313 Marginalized Girls To Benefit From STAGE Project

313 marginalized girls to benefit from stage project

STAGE project
STAGE project

Over 313 marginalized girls from 11 communities in the Asikuma-Odoben-Brakwa district have been selected to benefit from the Strategic Approach to Girls Education (STAGE) Project.

The project aims at providing the girls with the needed numeracy, literacy skills and Accelerated Learning Programmes (ALP) for them to be able to read and write as they learn vocational skills to lift them out of poverty.

It is being implemented by the Central Regional Office of the Ghana Red Cross Society (GRCS) in partnership with the World Education Incorporation (WEI) and funded by the UKAID.

Already more than 670 girls from 24 communities in the Gomoa West District of the Central Region had benefitted.

The Komenda-Edina-Eguafo Abrem (KEEA) was the first to benefit from the project, providing about 500 young girls in the district the opportunity to make their lives meaningful.

Mr. Mohamed Baidoo, Acting Central Regional Manager of GRCS, said the project was aimed at tackling poverty by empowering young girls in deprived communities.

He said they were working with the Domestic Violence and Victim Support Unit (DOVVSU) of the Ghana Police Service, the Commission on Human Rights and Administrative Justice (CHRAJ) and others to ensure that the participants learned under safe environment.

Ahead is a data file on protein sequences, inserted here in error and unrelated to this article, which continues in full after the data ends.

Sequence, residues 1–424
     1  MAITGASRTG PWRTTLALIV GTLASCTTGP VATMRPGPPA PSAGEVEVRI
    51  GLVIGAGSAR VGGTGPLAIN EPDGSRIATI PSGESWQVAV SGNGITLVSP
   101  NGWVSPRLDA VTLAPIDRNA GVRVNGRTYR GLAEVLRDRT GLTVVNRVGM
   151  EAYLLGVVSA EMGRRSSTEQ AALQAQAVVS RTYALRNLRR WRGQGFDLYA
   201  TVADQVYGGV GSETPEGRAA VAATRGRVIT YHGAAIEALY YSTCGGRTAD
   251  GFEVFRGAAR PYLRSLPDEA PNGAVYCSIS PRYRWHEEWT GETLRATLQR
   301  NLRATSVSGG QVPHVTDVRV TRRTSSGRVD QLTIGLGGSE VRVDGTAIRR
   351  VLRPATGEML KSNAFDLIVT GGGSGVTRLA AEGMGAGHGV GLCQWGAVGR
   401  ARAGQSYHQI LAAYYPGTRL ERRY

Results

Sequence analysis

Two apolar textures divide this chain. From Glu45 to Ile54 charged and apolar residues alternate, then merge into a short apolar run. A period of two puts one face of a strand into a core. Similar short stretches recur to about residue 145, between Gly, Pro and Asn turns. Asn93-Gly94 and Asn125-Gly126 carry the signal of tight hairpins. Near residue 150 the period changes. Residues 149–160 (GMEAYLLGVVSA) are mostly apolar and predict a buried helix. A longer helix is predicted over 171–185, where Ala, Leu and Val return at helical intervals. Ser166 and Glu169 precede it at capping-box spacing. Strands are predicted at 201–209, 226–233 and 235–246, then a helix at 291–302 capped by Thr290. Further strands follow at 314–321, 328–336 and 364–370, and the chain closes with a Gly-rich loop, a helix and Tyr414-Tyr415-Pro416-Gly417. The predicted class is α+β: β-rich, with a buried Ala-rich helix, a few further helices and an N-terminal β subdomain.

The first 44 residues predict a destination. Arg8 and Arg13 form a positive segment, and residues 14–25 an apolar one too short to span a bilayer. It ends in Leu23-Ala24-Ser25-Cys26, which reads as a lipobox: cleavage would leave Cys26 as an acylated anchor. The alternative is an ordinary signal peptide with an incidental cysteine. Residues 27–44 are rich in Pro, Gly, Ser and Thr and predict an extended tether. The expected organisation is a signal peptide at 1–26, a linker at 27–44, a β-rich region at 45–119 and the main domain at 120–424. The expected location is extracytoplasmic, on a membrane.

Mr. Baidoo said the learning materials were ready and the master craftsmen retrained to impact knowledge and skills to the learners.

He urged the beneficiaries to show strong commitment to complete the full course because it was the pathway to transforming their lives.

“This is a free six months training that would add value to their lives, they should never take it for granted because they are not paying for it and must take full advantage and make themselves proud eventually.”

On teenage pregnancy, he said it had become a canker in the district saying, “it is sad, as we speak, some of these girls are pregnant, others have toddlers they are caring for while some others may get pregnant on the way”.

He said while pregnancy was not itself bad, if the timing was wrong it carried the potential of setting back lives of young mothers delaying their progress and growth.

He admonished parents to own the project by giving the girls their unflinching support to motivate them to complete their training.

“Parents must be their Weds backbone, they should be ready to support especially with advice and direct their wards on the right way to go just to see their wards excel as they acquire new skills to impact generations” he added.

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